Younger students drew pictures; older ones gave reports and created QR codes for visitors to learn about their plants. 

Through the spring, they dug their small plot, created marker stones, and determined where each plant would go. Everyone kept a journal of what they did and learned.

Richard Coleman from the Pollinator Garden and Assistance Program presented Doss School with their pollinator plaque September, 2018.

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About the Region

New Braunfels, the location of our Fall 2024 Symposium, straddles both the Edwards Plateau Ecoregion and the Blackland Prairie ecoregion. Interstate 35 divides the city of New Braunfels; its path through the city closely parallels the boundary of these two ecoregions, with the Edwards Plateau on the west side and the Blackland Prairies region to the east. The Edwards Plateau area is also called the Hill Country; however, this general term covers a much larger area extending farther north. Spring-fed creeks are found throughout the region; deep limestone canyons, rivers, and lakes (reservoirs) are common. Ashe juniper is perhaps the most common woody species found throughout the region. Additional woody species include various species of oak, with live oak (Quercus fusiformis) being the most common. Sycamores (Platanus occidentalis) and bald cypress (Taxodium distichum) border waterways. This area is well known for its spring wildflower displays, though they may be viewed in spring, late summer, and fall, as well. According to Texas Parks and Wildlife, average annual rainfall in the Edwards Plateau ranges from 15 to 34 inches.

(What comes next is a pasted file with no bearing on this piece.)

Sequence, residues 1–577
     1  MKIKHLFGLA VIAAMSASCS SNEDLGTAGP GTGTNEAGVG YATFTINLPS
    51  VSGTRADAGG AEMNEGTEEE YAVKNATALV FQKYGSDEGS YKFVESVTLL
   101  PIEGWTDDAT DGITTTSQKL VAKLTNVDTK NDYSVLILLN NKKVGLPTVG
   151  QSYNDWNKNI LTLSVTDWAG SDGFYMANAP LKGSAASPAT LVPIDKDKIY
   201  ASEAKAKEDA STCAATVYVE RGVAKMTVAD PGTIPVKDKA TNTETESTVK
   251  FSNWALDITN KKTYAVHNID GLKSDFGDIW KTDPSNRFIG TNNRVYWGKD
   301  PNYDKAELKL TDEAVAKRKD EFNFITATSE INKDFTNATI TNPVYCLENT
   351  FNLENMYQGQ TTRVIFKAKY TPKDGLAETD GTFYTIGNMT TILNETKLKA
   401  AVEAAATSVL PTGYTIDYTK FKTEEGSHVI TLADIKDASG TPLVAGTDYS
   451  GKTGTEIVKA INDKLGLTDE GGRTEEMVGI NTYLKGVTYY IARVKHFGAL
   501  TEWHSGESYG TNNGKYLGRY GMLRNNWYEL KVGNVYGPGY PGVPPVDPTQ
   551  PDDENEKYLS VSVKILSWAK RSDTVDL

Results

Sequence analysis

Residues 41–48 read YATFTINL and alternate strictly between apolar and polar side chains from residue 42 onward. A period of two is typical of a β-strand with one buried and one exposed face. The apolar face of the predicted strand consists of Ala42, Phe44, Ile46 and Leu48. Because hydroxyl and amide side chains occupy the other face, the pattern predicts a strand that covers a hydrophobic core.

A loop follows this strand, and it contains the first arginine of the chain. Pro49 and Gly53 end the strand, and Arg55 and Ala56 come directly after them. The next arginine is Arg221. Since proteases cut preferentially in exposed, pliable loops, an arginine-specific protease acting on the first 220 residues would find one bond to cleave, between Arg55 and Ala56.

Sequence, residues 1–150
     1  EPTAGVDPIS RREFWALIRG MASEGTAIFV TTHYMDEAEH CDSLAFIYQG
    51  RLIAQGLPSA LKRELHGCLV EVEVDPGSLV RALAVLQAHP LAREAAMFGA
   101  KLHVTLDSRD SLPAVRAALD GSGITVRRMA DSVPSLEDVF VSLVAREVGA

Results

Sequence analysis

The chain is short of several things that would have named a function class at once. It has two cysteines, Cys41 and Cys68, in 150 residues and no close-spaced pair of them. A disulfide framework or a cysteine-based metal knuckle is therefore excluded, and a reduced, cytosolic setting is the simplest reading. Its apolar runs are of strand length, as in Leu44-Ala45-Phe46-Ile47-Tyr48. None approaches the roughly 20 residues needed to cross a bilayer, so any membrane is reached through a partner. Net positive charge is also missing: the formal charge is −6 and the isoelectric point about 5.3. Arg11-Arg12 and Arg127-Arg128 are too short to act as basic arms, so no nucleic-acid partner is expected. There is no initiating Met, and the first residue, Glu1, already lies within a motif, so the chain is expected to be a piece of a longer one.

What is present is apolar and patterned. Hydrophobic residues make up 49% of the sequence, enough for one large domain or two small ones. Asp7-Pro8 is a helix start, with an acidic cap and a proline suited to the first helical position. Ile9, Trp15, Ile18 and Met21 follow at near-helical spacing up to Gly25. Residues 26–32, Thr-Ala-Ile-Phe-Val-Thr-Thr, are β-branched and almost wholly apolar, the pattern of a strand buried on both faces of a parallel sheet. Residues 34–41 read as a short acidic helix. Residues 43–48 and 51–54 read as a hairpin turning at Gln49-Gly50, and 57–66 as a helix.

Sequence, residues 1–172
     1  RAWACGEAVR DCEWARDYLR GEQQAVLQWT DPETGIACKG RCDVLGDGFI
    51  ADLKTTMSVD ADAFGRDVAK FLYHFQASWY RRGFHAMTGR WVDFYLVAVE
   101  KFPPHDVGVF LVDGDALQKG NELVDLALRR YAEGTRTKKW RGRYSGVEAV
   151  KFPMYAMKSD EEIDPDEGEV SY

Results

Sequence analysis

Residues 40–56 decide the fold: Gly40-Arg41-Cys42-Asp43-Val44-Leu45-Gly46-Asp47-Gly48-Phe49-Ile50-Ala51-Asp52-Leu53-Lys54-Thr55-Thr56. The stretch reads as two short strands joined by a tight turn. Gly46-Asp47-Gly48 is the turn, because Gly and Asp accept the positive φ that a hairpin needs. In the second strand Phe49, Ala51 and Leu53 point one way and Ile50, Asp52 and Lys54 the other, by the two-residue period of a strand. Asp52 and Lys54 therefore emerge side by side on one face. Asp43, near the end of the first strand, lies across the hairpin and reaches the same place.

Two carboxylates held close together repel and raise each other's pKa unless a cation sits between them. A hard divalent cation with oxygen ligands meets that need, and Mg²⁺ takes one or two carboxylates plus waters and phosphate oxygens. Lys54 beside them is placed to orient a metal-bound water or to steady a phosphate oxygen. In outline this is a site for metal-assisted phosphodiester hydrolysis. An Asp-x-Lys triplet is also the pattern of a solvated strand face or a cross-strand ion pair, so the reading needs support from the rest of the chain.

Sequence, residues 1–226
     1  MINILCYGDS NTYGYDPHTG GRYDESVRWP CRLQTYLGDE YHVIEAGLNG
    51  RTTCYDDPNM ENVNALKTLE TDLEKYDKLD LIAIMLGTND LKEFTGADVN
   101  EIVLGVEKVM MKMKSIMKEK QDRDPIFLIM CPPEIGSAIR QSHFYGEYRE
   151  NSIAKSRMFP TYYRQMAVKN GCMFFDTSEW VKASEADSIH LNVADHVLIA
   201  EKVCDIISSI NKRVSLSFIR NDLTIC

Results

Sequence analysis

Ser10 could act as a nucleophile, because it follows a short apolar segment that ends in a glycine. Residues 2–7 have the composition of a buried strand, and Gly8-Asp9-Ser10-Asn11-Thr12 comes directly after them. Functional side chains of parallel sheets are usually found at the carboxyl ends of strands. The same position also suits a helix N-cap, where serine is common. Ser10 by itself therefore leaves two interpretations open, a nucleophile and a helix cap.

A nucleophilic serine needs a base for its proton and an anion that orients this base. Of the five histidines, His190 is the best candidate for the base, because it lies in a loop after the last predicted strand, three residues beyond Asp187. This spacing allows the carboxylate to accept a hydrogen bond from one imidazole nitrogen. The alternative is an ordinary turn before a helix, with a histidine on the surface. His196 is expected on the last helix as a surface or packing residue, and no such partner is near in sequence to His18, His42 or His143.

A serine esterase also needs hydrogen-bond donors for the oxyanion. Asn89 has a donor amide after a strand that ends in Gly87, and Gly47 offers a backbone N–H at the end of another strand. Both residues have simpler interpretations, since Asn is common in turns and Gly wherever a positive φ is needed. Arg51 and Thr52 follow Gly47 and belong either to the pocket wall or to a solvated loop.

The Blackland Prairie extends from the Red River south to San Antonio, bordered on the west by the Edwards Plateau and the Cross Timbers, and on the east by the Post Oak Savannah. Annual rainfall averages 30 to 40 inches, with higher averages to the east. This region is dominated by prairie species. The most common grass species include little bluestem (Schizachyrium scoparium) and Indian grass (Sorghastrum nutans) in the uplands and switchgrass (Panicum virgatum) in the riparian areas and drainages. Common herbaceous flowering plants include salvias, penstemons, and silphiums. This area has suffered greatly from overgrazing and agricultural use. Few intact areas remain, though many of the plants can be found along county roadsides throughout the region.

Our four host chapters (New Braunfels, Lindheimer, Guadalupe, and the Hill Country chapters) are located in one or both of the ecoregions above. However, the eastern portion of Guadalupe County also falls within the Post Oak Savanna ecoregion. Annual rainfall averages 35 to 45 inches, with higher averages to the east. A wide variety of hardwood trees are found, including several species of oaks, elms, and in the Bastrop area, loblolly pine (Pinus taeda). Grasses and forbs dominate in the open savannas, with most common grass being little bluestem. Ranching, agriculture, and fire suppression have allowed woody species to encroach on the once-open savannas.

Source: Wildflowers of Texas by Michael Eason